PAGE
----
A Parenting Story: How 18 Years Flew By


This weekend we will be celebrating the one who made me a mom, my first born, my sweetest girl. I have really struggled in this last year as a parent of a not-a-child-not-yet-adult. She turns 18 Sunday and while I know she does still needs me, she needs me in very different ways. I never really thought about this season of parenthood until I found myself knee-deep in it. She has her own thoughts on big things like abortion and gay rights, things she researches and draws conclusions on for herself. She has big plans for her future to become a history and theater teacher. She thinks snakes are cute and saves spiders by putting them outside instead of squishing them.

I love the woman she has become but I would be lying if I said I didn’t miss the little girl she was.

There was a time when it was just me and her. We set out to conquer the world, or at least it felt that way to me. If I asked her, I think she would agree with me. We lost her daddy to cancer when she was just three and a half-years-old. I was a mere shell of myself for about a year, but we had tons of family and friends supporting us during that time, and we still do. Then as I slowly started to heal and return to myself, we started making memories: taking trips to Disney and the beach, going to the ballet and musicals, taking bike rides with her in the tag-a-long, selling our house and buying a condo just for us. Eventually our family grew as I married and had more children, and she even tried to play matchmaker for us! But our bond was always unique. Maybe it is a first child bond, and maybe you don’t have to suffer loss to have what we have, but I only know my own experience and I think that our shared loss is what makes our mother-daughter relationship what it is.

One of the hardest things I have ever done as a mother was explaining death to her.

That talk made the birds and the bees talk seem easy, although that one was pretty rough, too! I remember how she cried out for her daddy in the weeks after he passed away. Sometimes it was more than my heart could bear, but somehow I did. Together we helped each other navigate the grief and learn to live with it and without him.

As loss and death are a part of life, there were more times when she was little in which we would again work through our grief over the loss of others. I was so worried that all that loss was going to change who she was supposed to be. And maybe it did, but it made her better. She has an amazing ability to bounce back from disappointment. She doesn’t sit and stew or grow bitter over things like I think I did when I was her age.

She was always an easy child, and I probably should have loosened my limits earlier on some things than I did. I am ashamed to say that I had a tendency to mother through fear and worry, and let those feelings be my guide more often than not. I could probably write an entire post just about the guilt and anxiety that comes with mothering — can I get an amen? But for all my mistakes and bad choices, she turned out to be a strong, kind, funny, talented, and lovely woman. Someone I have fun with, someone I love to be with and experience things with, and I know others feel the same way about her because I can see it when she is with her friends.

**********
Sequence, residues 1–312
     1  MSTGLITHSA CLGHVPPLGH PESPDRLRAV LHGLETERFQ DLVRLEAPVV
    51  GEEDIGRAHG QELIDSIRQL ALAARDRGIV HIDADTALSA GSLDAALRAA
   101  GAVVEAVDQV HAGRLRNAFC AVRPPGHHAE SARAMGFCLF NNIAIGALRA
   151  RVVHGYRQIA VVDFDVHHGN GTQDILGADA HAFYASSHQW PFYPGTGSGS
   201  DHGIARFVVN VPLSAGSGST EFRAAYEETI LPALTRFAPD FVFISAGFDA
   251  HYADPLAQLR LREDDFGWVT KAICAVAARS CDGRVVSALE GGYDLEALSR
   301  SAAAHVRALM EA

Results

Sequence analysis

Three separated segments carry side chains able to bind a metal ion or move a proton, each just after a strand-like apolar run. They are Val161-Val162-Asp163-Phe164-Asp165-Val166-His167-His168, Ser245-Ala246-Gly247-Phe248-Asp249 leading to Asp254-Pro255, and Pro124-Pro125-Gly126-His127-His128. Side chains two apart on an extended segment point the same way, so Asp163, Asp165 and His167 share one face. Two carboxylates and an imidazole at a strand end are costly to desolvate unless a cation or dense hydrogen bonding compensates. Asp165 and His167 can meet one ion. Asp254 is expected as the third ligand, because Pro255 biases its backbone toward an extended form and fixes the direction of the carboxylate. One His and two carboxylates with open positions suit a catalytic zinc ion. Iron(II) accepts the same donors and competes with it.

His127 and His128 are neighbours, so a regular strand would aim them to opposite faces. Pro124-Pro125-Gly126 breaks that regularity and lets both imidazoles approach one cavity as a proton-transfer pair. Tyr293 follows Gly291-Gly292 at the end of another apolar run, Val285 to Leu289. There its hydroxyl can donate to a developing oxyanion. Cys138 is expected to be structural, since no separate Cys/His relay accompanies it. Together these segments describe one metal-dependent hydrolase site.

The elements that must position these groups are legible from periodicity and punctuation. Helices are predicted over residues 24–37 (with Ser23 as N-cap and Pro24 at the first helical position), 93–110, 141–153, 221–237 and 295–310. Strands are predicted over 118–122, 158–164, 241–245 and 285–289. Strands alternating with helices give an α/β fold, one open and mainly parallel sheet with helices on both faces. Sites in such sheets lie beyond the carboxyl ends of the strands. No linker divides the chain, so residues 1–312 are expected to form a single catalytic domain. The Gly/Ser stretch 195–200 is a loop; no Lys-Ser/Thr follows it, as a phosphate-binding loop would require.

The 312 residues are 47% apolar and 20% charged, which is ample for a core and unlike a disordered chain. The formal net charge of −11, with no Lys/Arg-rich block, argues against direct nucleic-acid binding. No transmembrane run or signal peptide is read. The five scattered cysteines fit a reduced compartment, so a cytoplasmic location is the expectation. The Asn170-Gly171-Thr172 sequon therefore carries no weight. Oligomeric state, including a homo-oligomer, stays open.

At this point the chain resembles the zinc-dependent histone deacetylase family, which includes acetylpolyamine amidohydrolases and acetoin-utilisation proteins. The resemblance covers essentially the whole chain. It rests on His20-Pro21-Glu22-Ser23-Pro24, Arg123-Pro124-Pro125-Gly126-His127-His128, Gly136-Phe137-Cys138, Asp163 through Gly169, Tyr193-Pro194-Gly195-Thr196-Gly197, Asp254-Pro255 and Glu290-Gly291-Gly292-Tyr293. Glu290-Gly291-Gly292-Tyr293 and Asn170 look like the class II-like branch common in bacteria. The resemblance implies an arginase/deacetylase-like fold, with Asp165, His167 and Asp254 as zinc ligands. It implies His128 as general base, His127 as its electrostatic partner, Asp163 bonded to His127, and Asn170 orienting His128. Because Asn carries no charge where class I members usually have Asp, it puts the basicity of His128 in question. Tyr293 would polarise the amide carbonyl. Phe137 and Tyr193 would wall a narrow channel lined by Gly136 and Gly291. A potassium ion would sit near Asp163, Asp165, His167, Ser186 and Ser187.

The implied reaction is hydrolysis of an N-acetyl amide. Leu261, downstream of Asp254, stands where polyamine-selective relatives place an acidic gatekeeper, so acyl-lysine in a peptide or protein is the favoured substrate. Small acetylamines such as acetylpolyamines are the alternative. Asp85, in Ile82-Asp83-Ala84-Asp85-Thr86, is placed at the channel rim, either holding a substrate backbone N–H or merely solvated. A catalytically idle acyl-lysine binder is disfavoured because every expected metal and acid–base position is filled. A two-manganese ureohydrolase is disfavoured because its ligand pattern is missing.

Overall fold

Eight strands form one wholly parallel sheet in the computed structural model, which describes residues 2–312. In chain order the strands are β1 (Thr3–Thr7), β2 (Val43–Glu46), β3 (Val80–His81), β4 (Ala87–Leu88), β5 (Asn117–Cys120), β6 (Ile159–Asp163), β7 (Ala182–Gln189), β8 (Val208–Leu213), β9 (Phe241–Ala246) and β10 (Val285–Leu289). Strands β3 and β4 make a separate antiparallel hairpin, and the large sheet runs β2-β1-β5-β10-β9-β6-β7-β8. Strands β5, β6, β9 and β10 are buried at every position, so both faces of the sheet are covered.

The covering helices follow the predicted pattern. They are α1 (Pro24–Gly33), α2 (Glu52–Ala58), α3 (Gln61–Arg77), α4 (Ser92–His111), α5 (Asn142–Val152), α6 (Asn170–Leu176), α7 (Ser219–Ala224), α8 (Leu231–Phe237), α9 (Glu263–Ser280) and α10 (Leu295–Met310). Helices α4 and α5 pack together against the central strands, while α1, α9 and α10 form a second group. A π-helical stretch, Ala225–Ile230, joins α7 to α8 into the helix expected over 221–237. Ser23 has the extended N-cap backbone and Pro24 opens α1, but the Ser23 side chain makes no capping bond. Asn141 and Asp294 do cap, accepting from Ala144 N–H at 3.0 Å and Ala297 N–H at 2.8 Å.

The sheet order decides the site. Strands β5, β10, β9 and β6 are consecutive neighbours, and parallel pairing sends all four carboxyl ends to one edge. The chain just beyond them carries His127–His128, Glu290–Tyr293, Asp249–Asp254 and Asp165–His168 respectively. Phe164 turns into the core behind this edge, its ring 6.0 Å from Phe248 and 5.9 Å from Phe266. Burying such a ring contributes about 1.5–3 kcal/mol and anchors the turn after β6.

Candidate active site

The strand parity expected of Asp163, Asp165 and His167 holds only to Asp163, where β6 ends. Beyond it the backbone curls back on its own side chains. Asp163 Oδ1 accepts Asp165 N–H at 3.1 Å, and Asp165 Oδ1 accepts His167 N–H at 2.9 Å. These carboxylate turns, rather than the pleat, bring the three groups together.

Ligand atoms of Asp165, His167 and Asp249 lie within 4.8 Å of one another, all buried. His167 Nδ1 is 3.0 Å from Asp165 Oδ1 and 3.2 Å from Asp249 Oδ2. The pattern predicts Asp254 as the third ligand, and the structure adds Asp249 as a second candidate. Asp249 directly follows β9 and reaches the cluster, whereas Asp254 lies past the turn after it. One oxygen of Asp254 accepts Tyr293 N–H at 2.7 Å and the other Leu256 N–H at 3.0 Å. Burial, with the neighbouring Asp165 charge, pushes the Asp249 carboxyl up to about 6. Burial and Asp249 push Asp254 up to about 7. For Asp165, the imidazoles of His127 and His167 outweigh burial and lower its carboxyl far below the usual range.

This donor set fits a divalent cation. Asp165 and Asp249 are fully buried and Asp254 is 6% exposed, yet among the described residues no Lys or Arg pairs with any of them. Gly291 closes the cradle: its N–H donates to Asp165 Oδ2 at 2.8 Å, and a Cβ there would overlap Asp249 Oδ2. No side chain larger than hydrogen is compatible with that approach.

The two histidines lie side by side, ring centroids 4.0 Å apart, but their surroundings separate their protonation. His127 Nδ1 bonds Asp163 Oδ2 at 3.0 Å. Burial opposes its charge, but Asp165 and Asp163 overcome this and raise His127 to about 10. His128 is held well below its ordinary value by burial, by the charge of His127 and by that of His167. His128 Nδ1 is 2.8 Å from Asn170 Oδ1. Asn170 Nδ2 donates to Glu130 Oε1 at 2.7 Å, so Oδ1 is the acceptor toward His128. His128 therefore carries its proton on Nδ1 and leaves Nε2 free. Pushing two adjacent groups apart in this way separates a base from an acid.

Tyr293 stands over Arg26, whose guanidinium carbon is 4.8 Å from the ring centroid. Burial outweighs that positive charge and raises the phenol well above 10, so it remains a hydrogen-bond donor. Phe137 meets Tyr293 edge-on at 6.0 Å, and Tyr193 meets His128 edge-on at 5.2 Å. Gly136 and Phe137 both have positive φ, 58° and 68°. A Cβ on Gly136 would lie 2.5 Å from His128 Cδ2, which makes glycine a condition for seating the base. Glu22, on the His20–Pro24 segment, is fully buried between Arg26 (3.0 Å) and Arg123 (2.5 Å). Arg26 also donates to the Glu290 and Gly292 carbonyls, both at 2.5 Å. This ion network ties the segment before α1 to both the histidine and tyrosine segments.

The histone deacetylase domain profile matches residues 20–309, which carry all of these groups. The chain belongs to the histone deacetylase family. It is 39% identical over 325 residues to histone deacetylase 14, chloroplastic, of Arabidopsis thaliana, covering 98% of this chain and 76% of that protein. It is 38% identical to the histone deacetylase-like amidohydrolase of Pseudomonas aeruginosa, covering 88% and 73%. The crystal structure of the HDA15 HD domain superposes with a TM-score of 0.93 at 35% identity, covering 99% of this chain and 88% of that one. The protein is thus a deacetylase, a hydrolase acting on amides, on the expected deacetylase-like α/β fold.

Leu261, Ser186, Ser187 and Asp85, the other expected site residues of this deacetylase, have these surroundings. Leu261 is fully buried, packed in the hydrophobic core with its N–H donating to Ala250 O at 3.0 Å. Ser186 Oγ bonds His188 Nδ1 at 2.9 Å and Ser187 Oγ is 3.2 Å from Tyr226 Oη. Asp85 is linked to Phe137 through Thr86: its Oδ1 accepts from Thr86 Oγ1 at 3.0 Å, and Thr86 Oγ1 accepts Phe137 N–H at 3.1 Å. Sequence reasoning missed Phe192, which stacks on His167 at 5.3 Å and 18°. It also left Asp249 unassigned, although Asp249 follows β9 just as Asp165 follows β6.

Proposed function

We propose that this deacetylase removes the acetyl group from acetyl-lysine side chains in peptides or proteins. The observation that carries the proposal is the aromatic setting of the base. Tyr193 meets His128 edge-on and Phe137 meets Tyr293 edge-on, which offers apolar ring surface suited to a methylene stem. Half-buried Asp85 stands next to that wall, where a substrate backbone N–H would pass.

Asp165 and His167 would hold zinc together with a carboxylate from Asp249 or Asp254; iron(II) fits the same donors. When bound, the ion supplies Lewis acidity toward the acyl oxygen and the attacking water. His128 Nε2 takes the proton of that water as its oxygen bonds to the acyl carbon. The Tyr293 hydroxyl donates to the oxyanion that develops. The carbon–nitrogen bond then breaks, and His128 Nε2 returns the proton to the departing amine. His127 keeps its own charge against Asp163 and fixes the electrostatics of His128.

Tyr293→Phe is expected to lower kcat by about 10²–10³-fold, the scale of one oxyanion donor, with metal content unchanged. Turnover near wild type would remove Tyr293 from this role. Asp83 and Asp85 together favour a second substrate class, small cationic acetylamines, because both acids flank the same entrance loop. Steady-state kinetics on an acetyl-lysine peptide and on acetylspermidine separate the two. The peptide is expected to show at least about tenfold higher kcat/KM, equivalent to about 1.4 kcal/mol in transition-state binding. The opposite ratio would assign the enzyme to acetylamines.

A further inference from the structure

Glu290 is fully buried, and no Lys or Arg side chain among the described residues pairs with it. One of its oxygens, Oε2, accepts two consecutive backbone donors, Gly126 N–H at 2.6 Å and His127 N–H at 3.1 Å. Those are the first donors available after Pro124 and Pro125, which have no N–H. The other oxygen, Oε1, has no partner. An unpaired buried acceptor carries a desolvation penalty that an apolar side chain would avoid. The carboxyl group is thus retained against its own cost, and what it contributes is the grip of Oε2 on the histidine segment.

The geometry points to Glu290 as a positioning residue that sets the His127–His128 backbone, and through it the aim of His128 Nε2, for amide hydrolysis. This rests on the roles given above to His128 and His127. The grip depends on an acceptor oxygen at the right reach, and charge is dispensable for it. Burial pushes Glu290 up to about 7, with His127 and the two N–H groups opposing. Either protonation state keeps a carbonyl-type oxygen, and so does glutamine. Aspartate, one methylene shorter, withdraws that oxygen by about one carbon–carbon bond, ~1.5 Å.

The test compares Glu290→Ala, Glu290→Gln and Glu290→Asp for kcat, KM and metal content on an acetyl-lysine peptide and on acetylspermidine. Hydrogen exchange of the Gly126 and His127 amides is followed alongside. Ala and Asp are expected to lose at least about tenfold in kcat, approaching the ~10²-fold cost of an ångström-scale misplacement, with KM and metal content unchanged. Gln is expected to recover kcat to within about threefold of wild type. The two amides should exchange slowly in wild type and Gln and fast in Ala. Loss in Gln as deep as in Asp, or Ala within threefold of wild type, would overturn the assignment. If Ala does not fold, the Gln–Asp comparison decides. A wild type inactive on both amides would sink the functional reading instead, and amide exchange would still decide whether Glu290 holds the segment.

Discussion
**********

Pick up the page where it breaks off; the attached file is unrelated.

Finding how to mother an adult is my least favorite thing as a mother, but I am committed to finding my place in her grown-up life.

The very things I want her to be — self-sufficient, independent, and strong willed — are the same things I have struggled with the past year or two. She is very respectful and easy going, but she does buck up against me if she doesn’t agree with me. I have to find a way to accept her decisions even if they aren’t the decisions I want her to make. It is her life, after all, and I am just her biggest fan.

We have always been close, but I have noticed as she has gone through this last season of adolescence that she relies more on her friends than on her mom. The truth is that she needs to depend less on me now and more on herself, which she has done beautifully. The other day she went thrift shopping and found her dress for the winter formal coming up. I didn’t even know she was shopping, but later that night, she came into my room where I was reading, with the dress on and asked my opinion. She was gushing over the pretty lace, amazing fit, and the great deal she got. In that moment her entire life flashed before me and I instantly was so proud and so choked up that my baby isn’t a baby or even a little girl anymore; she is a woman.

I am going to allow myself a few more tears over the next few months as we navigate senior prom, her last high school play, graduation, and college decisions. But then I am going to just adjust and accept my new position in her life and be proud of all she has accomplished and all she will accomplish.

18 years has absolutely flown by and it is true what they say: “The days are long but the years are short.” ~ Gretchen Rubin


  1. “A Parenting Story :How 18 Years Flew By” was a beautiful thing to read ! You are a wonderful mother…… and a precious niece.


Please enter your comment!
Please enter your name here